Skip to content

Sgt. Amy Cooper
Class of 2019

Name: Sgt. Amy Cooper

Hometown: Beebe, Arkansas

Title/Position: Sergeant/Public Information Officer North Little Rock Police Department

Briefly describe your role:

As the Public Information Officer (PIO) for the North Little Rock Police Department I assist news media representatives in covering routine news stories and respond to inquiries. I provide assistance at the scene of major events and prepare and distribute written press releases to the media.  I arrange and coordinate news conferences when needed.  I also complete Freedom of Information Act requests received by the department, assist in planning of departmental events, and assist with the maintaining and monitoring of departmental social media sites.

WIN bio photo frame AC

Q: Is what you’re doing now what you always pictured you would do?

A: I knew early on in life that I was going to be a police officer.  I truly believe that this profession is a calling.  17 years later, there are still days where I am putting this uniform on and just can’t believe that I am doing what I have always wanted to do.

2 years ago I became the Public Information Officer for the Police Department.  This current position was something I never envisioned myself doing.  Before I entered into law enforcement I didn’t even know such a position existed. I knew that being the Public Information Officer was going to be a challenge. But, I firmly believe that we should always challenge ourselves and be open to new experiences in whatever we do.

Q: What do you see as the greatest challenges for women in your chosen industry? What are the greatest opportunities?

A: It is no secret that the Law Enforcement Profession is a male dominated one.  However, the female trailblazers of decades past have paved the way and we are seeing more and more women choosing law enforcement as a career.  Are there still challenges? Of course there are.  Traditionally, women in law enforcement have had to “prove” themselves. We have to work just a bit harder, have a thicker skin, show that we can stand on our own, and be counted on when it mattered most just a bit more than our male co-workers.  I think that is pretty standard in any male dominated profession. What amazes me is that we accept these challenges and refuse to be defined by traditional stereotypes. And, more often than not, we find that we are wildly successful.  We complete the team and make departments across this country more well-rounded and a reflection of the communities we serve.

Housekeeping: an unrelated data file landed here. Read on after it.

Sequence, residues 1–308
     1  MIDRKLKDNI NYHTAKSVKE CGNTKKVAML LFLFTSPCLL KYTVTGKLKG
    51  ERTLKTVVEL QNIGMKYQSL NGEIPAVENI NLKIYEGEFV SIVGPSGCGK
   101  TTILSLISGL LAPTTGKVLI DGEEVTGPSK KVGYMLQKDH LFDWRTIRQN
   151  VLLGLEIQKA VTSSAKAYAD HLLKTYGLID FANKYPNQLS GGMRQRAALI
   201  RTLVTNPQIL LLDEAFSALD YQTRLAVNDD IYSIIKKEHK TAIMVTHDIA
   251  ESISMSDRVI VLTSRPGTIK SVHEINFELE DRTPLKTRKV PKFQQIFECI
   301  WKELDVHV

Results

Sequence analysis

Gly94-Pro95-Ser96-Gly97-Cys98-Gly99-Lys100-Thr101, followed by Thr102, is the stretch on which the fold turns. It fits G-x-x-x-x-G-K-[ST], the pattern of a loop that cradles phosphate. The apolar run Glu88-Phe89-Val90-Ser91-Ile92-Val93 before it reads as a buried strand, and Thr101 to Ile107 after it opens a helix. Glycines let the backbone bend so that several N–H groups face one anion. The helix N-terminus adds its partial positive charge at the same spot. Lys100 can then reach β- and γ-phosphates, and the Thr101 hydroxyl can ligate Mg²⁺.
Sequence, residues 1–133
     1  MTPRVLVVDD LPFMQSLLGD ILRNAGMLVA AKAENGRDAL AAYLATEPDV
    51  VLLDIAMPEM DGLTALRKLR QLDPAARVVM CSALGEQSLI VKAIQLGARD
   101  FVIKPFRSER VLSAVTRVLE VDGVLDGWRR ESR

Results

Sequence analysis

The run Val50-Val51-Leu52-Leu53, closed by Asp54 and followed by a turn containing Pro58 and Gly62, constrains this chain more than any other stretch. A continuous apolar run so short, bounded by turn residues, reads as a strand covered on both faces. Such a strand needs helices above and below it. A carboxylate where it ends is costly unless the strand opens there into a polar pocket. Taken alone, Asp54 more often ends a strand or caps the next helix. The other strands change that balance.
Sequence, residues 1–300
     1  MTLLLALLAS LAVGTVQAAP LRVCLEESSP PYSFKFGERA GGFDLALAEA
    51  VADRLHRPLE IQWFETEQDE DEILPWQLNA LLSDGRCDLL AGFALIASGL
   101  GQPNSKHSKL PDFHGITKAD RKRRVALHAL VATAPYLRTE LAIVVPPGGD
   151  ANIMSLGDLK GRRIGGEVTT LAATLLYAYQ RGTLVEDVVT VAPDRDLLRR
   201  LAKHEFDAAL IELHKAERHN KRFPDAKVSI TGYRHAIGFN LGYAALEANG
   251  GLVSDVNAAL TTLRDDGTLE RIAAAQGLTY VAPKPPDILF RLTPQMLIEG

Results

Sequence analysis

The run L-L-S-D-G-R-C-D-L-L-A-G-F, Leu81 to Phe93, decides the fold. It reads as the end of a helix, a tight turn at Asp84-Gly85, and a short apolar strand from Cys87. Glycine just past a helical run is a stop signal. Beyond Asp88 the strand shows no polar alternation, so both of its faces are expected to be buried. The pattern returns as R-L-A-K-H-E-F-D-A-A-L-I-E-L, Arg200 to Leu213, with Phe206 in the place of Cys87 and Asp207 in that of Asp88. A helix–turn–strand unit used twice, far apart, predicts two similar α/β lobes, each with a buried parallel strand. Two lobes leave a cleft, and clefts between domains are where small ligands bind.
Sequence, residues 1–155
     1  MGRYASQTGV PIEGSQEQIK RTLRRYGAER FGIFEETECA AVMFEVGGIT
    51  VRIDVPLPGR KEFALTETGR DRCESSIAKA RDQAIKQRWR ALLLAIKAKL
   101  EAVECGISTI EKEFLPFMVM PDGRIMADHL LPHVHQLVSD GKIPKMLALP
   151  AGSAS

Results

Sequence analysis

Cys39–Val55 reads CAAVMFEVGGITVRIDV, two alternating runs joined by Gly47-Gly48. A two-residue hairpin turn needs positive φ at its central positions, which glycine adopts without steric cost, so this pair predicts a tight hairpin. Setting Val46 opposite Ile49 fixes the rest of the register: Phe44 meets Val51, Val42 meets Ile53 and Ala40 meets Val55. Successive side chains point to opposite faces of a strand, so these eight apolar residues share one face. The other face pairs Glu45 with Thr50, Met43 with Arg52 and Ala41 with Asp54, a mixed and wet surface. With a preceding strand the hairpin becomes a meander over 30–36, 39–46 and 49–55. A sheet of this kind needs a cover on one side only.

Men and Women in Law Enforcement police very differently. This is where female officers have an opportunity to shine.  Women in law enforcement have a different approach with problem solving on the job. Women are good listeners and effective communicators.  They have the ability to de-escalate potentially volatile situations before violence occurs. Women in law enforcement are also having a greater impact in bridging the gap for police and community relations.  What greater opportunity could there be in helping reduce violence, save lives, and build relationships for peace?

Q: Who has inspired you in your life/career?

A: The biggest inspirations of my life are my parents (Bonnie Grogan and J.R. Cooper). My mother has taught me how to never give up. She has the heart of a servant and has instilled in me the desire to help others and to work hard even when it seems impossible. She used to tell me “you’ll get glad in the same pants you got mad in”. I didn’t always understand that when I was young but it means so much to me today.  This phrase has taught me that sometimes things just won’t go my way but bad times are temporary and good things are always on the horizon.  My father was a police officer for a time when I was very young. I always looked up to him as a representative of the profession.  He taught me how to believe in something bigger than myself and the value of humility and respect for others.  When we speak about the struggles of the job he has always encouraged me to hold the line, do the right thing, and to never forsake my values.


Q: What advice would you give to an aspiring professional?

A: This profession is a calling.  Before you choose this profession make sure you have a passion for the job and strong desire to serve others.  This profession is unlike any other. Be committed to being a positive influence and try each day to make a difference. Understand that there are sacrifices that will have to be made in service to the greater good. The potential for the ultimate sacrifice will always be present; this is no easy burden to bear. Despite the stresses and burdens, push forward and always do the right thing. This profession can be the most terrifying and most rewarding career one could have. Never sacrifice your integrity and hold tight to your values.  Respect everyone you come into contact with no matter the situation. We are in the struggle of life together, never forget that.

Q: What’s been your secret to success?

A: I don’t know if there is a “secret” to the success I have had in my career.  I suppose I would have to say that I have maintained my focus on the task at hand and have made sure that my priorities never wavered from the mission to protect and serve. We may not be able to save the world but we sure can make a big difference in our small corner.  To sum it all up I will use a definition of love that fundamentally changed my life as a young professional in law enforcement, “give of yourself for the good others expecting nothing in return”.  I believe that there is no greater secret to success in both the professional or private worlds than doing just that.

Scroll To Top